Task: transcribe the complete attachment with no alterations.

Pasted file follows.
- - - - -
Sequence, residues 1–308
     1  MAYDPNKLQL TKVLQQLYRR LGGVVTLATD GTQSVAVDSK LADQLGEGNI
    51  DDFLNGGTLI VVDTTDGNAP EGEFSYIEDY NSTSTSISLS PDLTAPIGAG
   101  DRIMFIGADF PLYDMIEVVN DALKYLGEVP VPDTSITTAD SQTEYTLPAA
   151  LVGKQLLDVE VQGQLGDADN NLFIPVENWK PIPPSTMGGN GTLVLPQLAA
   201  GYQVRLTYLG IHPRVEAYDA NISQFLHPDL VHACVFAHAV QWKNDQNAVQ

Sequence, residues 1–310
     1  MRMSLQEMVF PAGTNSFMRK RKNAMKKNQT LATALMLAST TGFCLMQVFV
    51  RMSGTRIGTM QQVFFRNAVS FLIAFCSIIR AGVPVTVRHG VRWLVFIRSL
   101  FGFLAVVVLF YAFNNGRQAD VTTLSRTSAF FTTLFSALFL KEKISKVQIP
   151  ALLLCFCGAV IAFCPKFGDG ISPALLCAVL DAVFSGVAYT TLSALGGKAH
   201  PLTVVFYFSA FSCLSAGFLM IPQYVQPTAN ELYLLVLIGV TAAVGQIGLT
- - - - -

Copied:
Sequence, residues 1–308
     1  MAYDPNKLQL TKVLQQLYRR LGGVVTLATD GTQSVAVDSK LADQLGEGNI
    51  DDFLNGGTLI VVDTTDGNAP EGEFSYIEDY NSTSTSISLS PDLTAPIGAG
   101  DRIMFIGADF PLYDMIEVVN DALKYLGEVP VPDTSITTAD SQTEYTLPAA
   151  LVGKQLLDVE VQGQLGDADN NLFIPVENWK PIPPSTMGGN GTLVLPQLAA
   201  GYQVRLTYLG IHPRVEAYDA NISQFLHPDL VHACVFAHAV QWKNDQNAVQ

Sequence, residues 1–310
     1  MRMSLQEMVF PAGTNSFMRK RKNAMKKNQT LATALMLAST TGFCLMQVFV
    51  RMSGTRIGTM QQVFFRNAVS FLIAFCSIIR AGVPVTVRHG VRWLVFIRSL
   101  FGFLAVVVLF YAFNNGRQAD VTTLSRTSAF FTTLFSALFL KEKISKVQIP
   151  ALLLCFCGAV IAFCPKFGDG ISPALLCAVL DAVFSGVAYT TLSALGGKAH
   201  PLTVVFYFSA FSCLSAGFLM IPQYVQPTAN ELYLLVLIGV TAAVGQIGLT